By Kris Kristofferson
Posted Apr 15, 2004 12:00 AM
Johnny Cash was a biblical character. He was like some old preacher, one of those dangerous old wild ones. He was like a hero you'd see in a western. He was a giant. And unlike anyone else I've known, he never lost that stature. I don't think we'll see anyone like him again.
Of course, the first thing he'll be remembered for is the originality of his music. The first time I heard Johnny Cash was when he released "I Walk the Line" in 1956. It was unlike anything I'd ever heard. Elvis had had a lot of hits by that point, but "I Walk the Line" was completely different. It didn't sound much like any of the country music that was popular at the time, either. There was a kind of dark energy around John. My first hero, when I was a kid, was Hank Williams, and he had a similar energy. You could tell they were both wild men.
As a songwriter, I've always loved his lyrics. At the beginning of his career, John released a bunch of powerful songs in a very short time. For me, the best one was always "Big River." It's so well-written, so unlike anything else. The lines don't even seem to rhyme. "I met her accidentally in St. Paul, Minnesota/And it tore me up every time I heard her drawl." His imagery was so powerful: "Then you took me to St. Louis later on, down the river/A freighter said she's been here/But she's gone, boy, she's gone/I found her trail in Memphis/But she just walked up the block/She raised a few eyebrows, and then she went on down alone."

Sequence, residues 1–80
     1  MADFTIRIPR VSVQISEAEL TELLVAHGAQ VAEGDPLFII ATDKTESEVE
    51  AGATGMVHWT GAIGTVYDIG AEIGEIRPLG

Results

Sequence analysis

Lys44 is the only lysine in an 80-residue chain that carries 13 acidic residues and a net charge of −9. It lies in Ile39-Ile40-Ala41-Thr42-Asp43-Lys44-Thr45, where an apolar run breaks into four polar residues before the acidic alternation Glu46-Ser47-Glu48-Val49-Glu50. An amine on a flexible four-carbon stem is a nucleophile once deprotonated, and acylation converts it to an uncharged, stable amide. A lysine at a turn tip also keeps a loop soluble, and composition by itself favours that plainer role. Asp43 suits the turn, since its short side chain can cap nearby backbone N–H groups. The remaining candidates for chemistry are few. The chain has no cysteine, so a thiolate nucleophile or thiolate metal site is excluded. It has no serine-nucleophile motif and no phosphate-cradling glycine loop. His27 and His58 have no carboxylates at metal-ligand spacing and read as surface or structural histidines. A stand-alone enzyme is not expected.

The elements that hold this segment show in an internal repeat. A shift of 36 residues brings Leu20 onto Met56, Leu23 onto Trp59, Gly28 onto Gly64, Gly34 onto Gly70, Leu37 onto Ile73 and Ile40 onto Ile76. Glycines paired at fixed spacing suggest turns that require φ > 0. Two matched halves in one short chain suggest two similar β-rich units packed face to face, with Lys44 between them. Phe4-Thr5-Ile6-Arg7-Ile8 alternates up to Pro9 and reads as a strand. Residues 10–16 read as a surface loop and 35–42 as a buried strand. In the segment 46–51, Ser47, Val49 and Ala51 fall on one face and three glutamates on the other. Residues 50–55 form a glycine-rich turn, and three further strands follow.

The first time I saw John live, I was on leave from the Army, visiting Nashville. He was playing the Grand Ole Opry, and I was watching from backstage -- and he was the most exciting performer I'd ever seen. At the time, he was skinnier than a snake, and he was just electric. He used to prowl the stage like a panther. He looked like he might explode up there. And in fact, there were times when he did. A couple of nights at the Opry, he knocked out all of the footlights. I think they banned him for a while after that. But they banned Hank Williams, too. They were a pretty conservative crowd.
The main thing about John, though -- the thing that everybody could sense -- was his integrity, the integrity of his relationship with his music, with his life and with other people. He stood up for Bob Dylan when everyone in the music business was criticizing Dylan's move from folk to electric. And he did the same for me, in the Eighties, when I was taking a lot of criticism for going down to Nicaragua. Once I was opening for him in Philadelphia, and I dedicated a song to Mumia Abu-Jamal, who is on death row there. After I got offstage, they told me the police had gone ballistic and that I'd have to go back out and apologize. John heard about it and said, "You don't have to apologize for anything on my show." That's the kind of guy he was. Throughout his entire career, he stood up for the underdog.
I thought the last album John did, The Man Comes Around, was terrific. I remember driving on my tractor mower and listening to it on my headphones and just weeping. His version of "Danny Boy" kills me every time.
I think he'll be remembered for the way he grew as a person and an artist. He went from being this guy who was as wild as Hank Williams to being almost as respected as one of the fathers of our country. He was friends with presidents and with Billy Graham. You felt like he should've had his face on Mount Rushmore.
[From Issue 946 — April 15, 2004]